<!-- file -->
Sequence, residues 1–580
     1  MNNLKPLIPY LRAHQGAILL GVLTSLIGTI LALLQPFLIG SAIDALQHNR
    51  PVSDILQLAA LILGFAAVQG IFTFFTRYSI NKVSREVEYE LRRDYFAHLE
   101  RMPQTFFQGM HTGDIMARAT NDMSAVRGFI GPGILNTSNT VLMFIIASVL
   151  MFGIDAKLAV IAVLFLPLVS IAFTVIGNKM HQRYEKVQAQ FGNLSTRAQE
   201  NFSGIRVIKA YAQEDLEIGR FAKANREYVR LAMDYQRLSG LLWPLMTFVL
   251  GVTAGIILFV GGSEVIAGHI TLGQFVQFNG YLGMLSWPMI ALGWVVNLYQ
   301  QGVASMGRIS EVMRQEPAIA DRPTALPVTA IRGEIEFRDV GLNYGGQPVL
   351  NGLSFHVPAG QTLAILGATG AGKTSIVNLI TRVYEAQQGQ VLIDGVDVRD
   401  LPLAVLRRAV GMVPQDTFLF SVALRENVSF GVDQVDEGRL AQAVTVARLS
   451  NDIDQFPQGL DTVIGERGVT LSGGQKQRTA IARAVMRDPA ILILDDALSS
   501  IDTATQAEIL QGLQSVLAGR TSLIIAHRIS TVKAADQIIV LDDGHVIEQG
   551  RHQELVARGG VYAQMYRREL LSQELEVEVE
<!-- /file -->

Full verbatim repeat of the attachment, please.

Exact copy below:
Sequence, residues 1–580
     1  MNNLKPLIPY LRAHQGAILL GVLTSLIGTI LALLQPFLIG SAIDALQHNR
    51  PVSDILQLAA LILGFAAVQG IFTFFTRYSI NKVSREVEYE LRRDYFAHLE
   101  RMPQTFFQGM HTGDIMARAT NDMSAVRGFI GPGILNTSNT VLMFIIASVL
   151  MFGIDAKLAV IAVLFLPLVS IAFTVIGNKM HQRYEKVQAQ FGNLSTRAQE
   201  NFSGIRVIKA YAQEDLEIGR FAKANREYVR LAMDYQRLSG LLWPLMTFVL
   251  GVTAGIILFV GGSEVIAGHI TLGQFVQFNG YLGMLSWPMI ALGWVVNLYQ
   301  QGVASMGRIS EVMRQEPAIA DRPTALPVTA IRGEIEFRDV GLNYGGQPVL
   351  NGLSFHVPAG QTLAILGATG AGKTSIVNLI TRVYEAQQGQ VLIDGVDVRD
   401  LPLAVLRRAV GMVPQDTFLF SVALRENVSF GVDQVDEGRL AQAVTVARLS
   451  NDIDQFPQGL DTVIGERGVT LSGGQKQRTA IARAVMRDPA ILILDDALSS
   501  IDTATQAEIL QGLQSVLAGR TSLIIAHRIS TVKAADQIIV LDDGHVIEQG
   551  RHQELVARGG VYAQMYRREL LSQELEVEVE